Roundtable: The next frontier
- 06 April, 2009 10:00
“As the thin desktop stops working, who do those users go to? They don’t go to desktop support, it goes back to the network team, because it has become more difficult to work out the actual cause of the problem” - Tony Wilkinson, TAS
Nadia Cameron, ARN (NC): What are the key benefits to rolling out a virtualised desktop environment?
Rob Ritchie, Rodd Consulting (RR): The main comments from customers are to do with management, control and security. Desktop virtualisation tightens things up for them and they like that component. If you can do that and carry some cost benefits around power consumption and cost of actual desktops, compared with terminals, then it’s quite a good story.
Shadi Haddad, Ethan Group (SH): I think we’re seeing a huge focus around centralised management, but also the portability. Being able to have a desktop anywhere – whether it’s in the home or via a web browser – is key. I think the whole industry is moving towards being able to offer services anywhere, and even stuff like software-as-a-service to thin clients as well.
Peter Levett, Thomas Duryea (PL): The funny thing is people have gotten so used to the traditional desktop, but when you sit down and talk to customers, you’re deploying an individual server for each user in your environment, which doesn’t have any form of redundancy – it’s called the desktop computer. You’re not backing up the data, you’re not managing them and you can’t even find them all of the time. There is no way businesses treat their server environments with that lack of respect they got away with around desktops. All of a sudden, technology has grown to meet that in many ways.
The management features are a massive plus for administrators managing these environments. More often than not, these are the guys involved in the decision-making process and they see the user experience in a desktop virtualisation world is better, the productivity is better, and the manageability is better. Now good technology is available, and as time goes on, it’s becoming easier to consolidate more and more virtual instances into less hardware, which makes it more feasible to adopt and a no-brainer. If you look at server consolidation now, it’s very hard for anyone not to see the value in it – it’s that black and white. That’s what is starting to evolve around virtual desktops.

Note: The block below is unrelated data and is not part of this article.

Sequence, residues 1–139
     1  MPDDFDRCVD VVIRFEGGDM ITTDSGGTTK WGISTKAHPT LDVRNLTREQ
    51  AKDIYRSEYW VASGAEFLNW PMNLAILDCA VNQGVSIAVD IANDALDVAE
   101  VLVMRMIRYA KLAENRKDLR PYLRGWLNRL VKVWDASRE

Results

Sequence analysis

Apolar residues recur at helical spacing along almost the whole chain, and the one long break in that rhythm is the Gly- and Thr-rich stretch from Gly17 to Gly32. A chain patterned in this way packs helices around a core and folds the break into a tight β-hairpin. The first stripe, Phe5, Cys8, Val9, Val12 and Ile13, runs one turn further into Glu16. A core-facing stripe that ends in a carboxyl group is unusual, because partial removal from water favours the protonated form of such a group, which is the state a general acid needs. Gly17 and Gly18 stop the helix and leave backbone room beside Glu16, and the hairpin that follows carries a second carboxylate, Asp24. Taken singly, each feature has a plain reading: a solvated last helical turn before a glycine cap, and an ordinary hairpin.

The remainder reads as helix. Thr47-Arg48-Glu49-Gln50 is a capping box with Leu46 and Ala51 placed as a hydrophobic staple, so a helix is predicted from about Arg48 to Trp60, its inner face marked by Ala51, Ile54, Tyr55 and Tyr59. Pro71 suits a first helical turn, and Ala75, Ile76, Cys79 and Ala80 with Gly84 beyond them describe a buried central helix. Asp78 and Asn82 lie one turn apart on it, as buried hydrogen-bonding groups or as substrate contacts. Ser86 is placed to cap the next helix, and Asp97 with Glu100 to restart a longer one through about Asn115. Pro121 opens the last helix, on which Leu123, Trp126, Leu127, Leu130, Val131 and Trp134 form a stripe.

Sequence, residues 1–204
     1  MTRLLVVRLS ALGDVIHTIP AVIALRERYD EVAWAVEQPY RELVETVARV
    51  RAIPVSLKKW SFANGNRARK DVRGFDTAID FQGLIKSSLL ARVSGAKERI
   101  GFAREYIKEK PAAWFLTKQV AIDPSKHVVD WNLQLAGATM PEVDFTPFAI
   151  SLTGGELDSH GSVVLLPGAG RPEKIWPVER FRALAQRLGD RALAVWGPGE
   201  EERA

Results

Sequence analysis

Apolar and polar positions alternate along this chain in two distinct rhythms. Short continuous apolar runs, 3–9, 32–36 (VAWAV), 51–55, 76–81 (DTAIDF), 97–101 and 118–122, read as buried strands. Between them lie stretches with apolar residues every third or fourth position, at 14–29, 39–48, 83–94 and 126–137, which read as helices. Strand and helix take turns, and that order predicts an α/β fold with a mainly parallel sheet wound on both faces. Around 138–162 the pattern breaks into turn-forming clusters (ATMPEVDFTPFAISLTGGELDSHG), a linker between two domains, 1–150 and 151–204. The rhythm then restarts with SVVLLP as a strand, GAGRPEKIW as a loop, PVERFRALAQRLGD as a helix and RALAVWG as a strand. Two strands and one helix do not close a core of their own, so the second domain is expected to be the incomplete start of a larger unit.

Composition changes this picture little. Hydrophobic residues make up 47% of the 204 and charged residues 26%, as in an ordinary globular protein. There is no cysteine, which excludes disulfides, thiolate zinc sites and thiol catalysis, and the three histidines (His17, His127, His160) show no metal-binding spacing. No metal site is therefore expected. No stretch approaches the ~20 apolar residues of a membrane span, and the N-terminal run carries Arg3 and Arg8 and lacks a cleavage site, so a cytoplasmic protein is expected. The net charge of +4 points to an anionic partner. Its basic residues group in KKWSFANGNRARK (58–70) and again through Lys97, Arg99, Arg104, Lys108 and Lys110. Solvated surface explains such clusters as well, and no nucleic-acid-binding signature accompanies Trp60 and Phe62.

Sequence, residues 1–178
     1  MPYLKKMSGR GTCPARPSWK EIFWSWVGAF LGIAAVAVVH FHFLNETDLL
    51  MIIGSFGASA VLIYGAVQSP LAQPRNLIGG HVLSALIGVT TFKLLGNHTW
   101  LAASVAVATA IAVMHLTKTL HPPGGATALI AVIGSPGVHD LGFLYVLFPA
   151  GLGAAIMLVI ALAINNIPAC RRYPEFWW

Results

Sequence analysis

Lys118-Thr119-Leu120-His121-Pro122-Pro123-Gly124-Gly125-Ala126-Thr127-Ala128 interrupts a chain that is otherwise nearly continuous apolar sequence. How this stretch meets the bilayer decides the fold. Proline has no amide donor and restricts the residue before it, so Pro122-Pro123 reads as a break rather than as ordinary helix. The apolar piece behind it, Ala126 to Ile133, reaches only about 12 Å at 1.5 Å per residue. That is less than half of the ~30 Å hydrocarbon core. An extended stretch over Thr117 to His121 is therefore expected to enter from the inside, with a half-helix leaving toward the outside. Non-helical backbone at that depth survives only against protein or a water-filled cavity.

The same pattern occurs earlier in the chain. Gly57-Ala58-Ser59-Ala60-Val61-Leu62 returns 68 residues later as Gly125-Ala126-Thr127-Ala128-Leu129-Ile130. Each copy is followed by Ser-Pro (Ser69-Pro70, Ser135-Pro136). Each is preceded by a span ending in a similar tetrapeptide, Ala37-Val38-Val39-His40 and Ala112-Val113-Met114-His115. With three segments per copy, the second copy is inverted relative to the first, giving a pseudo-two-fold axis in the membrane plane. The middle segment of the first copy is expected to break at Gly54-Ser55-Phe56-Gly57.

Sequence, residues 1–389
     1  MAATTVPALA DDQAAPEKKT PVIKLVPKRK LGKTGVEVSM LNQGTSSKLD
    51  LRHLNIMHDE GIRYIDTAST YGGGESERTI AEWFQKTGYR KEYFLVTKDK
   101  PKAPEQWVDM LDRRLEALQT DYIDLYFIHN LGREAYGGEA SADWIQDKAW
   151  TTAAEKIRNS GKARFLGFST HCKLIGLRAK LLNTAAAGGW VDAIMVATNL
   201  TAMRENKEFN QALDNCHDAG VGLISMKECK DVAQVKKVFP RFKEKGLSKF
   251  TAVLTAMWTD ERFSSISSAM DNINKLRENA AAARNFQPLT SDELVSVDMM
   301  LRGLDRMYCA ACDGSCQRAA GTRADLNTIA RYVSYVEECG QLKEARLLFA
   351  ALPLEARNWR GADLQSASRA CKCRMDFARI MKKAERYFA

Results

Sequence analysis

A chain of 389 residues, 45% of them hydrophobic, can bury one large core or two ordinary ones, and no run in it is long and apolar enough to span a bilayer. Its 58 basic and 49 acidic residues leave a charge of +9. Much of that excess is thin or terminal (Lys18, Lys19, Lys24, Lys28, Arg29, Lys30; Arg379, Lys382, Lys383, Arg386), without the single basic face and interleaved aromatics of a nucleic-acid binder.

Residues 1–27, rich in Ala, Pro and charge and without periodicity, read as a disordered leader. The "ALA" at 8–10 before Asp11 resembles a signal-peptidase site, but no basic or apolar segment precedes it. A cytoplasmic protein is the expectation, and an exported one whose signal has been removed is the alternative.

NC: Given server, application and storage virtualisation are all accepted practice, has that validated the desktop virtualisation argument?
Sean Murphy, Nexus IT (SM): In an SMB-focused world, most of these guys are still catching up. We are still doing virtualisation 101 in the core. A desktop focus around VDI is a way for some of the more sophisticated SMBs to jump into a standardised/SOE administration environment in a cost-effective way, or to conquer a tyranny of distance, where they have sparse IT resources in disparate places. This allows them to get over this cost-effectively. But you can’t necessarily go down the storage or server virtualisation path because SMB don’t have the full Citrix infrastructure, or SANs yet. Right now, there are certainly great benefits around desktop virtualisation if someone wants an SOE or secure desktop or to solve a distance problem and the costs stack up.
David Wakeman, VMware (DW): Is it just cost, or technology skill? What are the main barriers?
SM: With desktops in particular, what do you do with 80 OEM licences? People don’t buy 80 thin clients at once, so the business case isn’t so strong and they will time out a bunch of different devices. Also, is their network good enough today to deal with it? There are a whole bunch of things we take for granted in enterprise where network and storage works, but even in a 100-desktop environment, have you got the storage to put that into the core? You need to have a driving reason other than ‘doing good IT’ to make the ROI case work. Tony Wilkinson, Technical Architecture Solutions (TW): The two predominant reasons we’re seeing driving VDI are business process outsourcing, which is all around protecting your data and recording what’s going offshore; and remote access and environments where you want minimal operating parts, such as mines or underground. As more and more gets brought into the datacentre, that will evolve. There is a user experience deficiency in VDI still, but that’s certain sub-sections of the market, which should improve over time. These include deficiencies around refresh rates on screen, multimedia and softphones.
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